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MnDOT receives criticism during Rethinking I-94 meeting

MnDOT unveiled alternatives to reimagine the freeway between Minneapolis and St. Paul, some of which faced backlash from leaders and residents.
Image by Graphic by Ava Weinreis
The interstate has received backlash since the 1960s for the communities it has displaced.

Twin Cities leaders and residents spoke in opposition to expanding Interstate 94 during the Minnesota Department of Transportation’s (MnDOT) July 16 “Rethinking I-94” meeting.

During the meeting, MnDOT unveiled potential alternatives to the freeway running between Minneapolis and St. Paul. Members of the Policy Advisory Committee (PAC) and Twin Cities residents also gave their comments on the future of I-94.

Included in MnDOT’s alternatives were plans for how I-94 could be modified to improve movement and quality of life for those who live along the corridor.

Alternatives unveiled by MnDOT would see I-94 filled in to create a boulevard with space for buses, pedestrians and bikes sitting on the same level as the streets in surrounding neighborhoods.

Two alternatives that drew criticism from PAC members and residents detailed an expansion of I-94 that would add one new lane in each direction.

St. Paul City Council Member Mitra Jalali (Ward 4) spoke out against MnDOT’s proposed alternative.

“Why is expansion even on the table?” Jalali said. “If the goals and the project’s master vision is to have equity, climate and resiliency, freeway expansion is actually categorically in opposition to those things, and I’m trying to understand how it even got into the mix.”

Constructed in the 1960s, the freeway has faced backlash for displacing thousands of residents in areas like the Rondo neighborhood, a historically Black community in St. Paul.

Hennepin County Commissioner Angela Conley expressed disapproval of alternatives that would expand the freeway, adding many Cedar-Riverside residents supported a boulevard. 

“It should be removed immediately,” Conley said. “Especially when we have goals around climate and equity. We’re talking about the poisoning and pollution that comes with freeway expansion. That is quite opposite from the goals that we want here.”

Project manager Melissa Barnes responded to concerns over expansion, telling PAC members they were considering the “full universe of alternatives.”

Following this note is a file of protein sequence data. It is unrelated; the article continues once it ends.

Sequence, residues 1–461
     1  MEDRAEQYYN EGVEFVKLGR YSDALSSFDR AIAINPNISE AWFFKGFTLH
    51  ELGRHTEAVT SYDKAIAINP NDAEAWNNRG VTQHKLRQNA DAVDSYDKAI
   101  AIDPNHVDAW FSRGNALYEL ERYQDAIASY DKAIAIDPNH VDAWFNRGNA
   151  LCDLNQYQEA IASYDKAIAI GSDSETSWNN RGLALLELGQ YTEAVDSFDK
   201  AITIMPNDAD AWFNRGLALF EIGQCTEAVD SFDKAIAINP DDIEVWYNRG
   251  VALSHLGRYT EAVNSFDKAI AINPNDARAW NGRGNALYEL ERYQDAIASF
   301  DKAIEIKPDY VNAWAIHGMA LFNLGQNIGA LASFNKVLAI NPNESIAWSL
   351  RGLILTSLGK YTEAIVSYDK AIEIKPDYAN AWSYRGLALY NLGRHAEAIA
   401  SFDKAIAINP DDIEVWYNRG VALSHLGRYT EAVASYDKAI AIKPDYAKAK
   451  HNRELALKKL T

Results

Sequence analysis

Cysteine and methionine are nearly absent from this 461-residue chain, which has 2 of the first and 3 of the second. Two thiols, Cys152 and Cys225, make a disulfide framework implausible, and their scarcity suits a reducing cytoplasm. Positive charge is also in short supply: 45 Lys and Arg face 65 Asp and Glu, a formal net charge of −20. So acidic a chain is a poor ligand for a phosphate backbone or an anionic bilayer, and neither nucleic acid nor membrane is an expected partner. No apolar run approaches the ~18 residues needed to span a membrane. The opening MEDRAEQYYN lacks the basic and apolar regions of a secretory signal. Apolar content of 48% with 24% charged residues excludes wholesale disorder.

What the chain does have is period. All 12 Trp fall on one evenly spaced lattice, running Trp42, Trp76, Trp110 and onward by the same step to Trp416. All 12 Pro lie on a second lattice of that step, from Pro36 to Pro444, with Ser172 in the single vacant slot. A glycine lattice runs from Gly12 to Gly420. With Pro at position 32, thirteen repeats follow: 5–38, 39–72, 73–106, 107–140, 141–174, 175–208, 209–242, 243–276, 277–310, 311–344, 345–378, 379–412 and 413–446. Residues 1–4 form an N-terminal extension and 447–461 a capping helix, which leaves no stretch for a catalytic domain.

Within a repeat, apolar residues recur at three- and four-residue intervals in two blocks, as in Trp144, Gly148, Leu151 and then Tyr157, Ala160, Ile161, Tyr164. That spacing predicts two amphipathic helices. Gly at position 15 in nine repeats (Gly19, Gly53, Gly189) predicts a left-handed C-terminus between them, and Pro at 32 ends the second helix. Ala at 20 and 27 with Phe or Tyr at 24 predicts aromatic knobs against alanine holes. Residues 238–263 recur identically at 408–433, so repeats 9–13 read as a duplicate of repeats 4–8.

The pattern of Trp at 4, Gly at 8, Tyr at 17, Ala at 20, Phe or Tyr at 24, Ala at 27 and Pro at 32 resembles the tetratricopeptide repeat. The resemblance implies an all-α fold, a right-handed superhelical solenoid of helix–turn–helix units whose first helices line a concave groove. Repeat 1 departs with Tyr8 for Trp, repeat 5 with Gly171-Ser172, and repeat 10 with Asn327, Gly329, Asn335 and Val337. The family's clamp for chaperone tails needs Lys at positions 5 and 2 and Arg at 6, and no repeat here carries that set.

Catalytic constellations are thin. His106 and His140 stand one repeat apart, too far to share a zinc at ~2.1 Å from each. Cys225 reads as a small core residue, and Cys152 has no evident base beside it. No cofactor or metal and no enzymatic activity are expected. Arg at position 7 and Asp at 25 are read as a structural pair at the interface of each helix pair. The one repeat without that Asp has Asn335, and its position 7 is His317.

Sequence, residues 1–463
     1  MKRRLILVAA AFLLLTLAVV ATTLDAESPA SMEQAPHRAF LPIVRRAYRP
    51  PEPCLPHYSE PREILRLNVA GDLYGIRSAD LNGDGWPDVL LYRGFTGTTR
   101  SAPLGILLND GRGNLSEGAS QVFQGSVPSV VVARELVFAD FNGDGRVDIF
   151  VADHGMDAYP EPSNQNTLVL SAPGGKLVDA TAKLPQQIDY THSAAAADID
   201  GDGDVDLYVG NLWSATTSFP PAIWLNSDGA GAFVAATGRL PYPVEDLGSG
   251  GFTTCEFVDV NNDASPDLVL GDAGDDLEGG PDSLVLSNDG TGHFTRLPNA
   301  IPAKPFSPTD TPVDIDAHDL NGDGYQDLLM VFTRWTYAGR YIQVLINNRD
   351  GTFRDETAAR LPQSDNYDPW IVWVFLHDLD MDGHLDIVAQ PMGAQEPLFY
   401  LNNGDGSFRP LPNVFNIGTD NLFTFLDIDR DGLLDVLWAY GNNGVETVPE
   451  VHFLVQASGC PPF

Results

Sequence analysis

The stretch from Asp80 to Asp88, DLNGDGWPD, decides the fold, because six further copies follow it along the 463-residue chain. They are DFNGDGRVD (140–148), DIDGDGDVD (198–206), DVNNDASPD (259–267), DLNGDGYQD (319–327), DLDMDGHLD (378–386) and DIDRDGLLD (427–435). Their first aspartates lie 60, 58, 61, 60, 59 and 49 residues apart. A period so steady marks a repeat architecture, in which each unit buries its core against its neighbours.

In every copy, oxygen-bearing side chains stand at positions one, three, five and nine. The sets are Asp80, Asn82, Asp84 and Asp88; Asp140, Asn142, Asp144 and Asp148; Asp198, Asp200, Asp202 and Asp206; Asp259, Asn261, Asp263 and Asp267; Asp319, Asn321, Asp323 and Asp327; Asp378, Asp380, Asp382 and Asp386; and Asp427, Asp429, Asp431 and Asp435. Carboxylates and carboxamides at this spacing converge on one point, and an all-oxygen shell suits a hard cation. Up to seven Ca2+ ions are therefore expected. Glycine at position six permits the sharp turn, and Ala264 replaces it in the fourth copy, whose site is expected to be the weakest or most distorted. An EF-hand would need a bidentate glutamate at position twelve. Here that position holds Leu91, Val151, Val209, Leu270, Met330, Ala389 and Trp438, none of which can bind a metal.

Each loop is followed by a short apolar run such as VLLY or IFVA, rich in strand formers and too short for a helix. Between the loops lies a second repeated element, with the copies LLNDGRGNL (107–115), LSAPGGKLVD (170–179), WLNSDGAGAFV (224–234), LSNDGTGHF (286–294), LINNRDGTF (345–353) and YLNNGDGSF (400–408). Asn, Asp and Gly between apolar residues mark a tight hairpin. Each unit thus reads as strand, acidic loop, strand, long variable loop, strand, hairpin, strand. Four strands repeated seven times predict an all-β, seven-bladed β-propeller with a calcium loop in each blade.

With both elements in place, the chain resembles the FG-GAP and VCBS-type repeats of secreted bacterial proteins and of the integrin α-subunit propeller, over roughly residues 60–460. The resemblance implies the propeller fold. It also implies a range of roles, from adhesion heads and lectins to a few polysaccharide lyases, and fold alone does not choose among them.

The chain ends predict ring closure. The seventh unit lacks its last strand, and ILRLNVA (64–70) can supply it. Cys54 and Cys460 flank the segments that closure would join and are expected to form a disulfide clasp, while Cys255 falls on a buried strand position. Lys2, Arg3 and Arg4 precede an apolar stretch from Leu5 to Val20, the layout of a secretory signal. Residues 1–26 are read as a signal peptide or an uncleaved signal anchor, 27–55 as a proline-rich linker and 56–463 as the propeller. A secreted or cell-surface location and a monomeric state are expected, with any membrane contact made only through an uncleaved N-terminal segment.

Elizabeth Wrigley-Field, an associate professor of sociology and demographer specializing in mortality at the University of Minnesota, said she lives in the shadow of I-94 and doesn’t think the daughter she’s raising should be breathing air polluted by freeways.

Wrigley-Field said she supports the alternatives that would convert the freeway to a boulevard and prioritize parks and spaces people can bike and walk in.

“I think we’ve really underestimated just how bad freeways are for people’s health,” she said.

Wrigley-Field said as researchers continue to study air pollution from freeways, the results keep showing it is worse than they imagined.

Asthma hospitalization rates along the Rethinking I-94 project corridor are nearly three times the state average, according to data from Our Streets Minneapolis.

In addition to pollution from exhaust fumes, Wrigley-Field said noise pollution and pollution caused by the friction of tires on the road are factors to consider when thinking about freeways.

According to Wrigley-Field, with a changing climate cities need to start planning for sustainability.

“What it meant for the Twin Cities to make this decision with all these other cities in the 1960s to put highways all over the place in the middle of areas where people live, was generations then living with these health effects,” Wrigley-Field said. “It’s really hopeful to me that now we have this moment where we actually could just undo that.”

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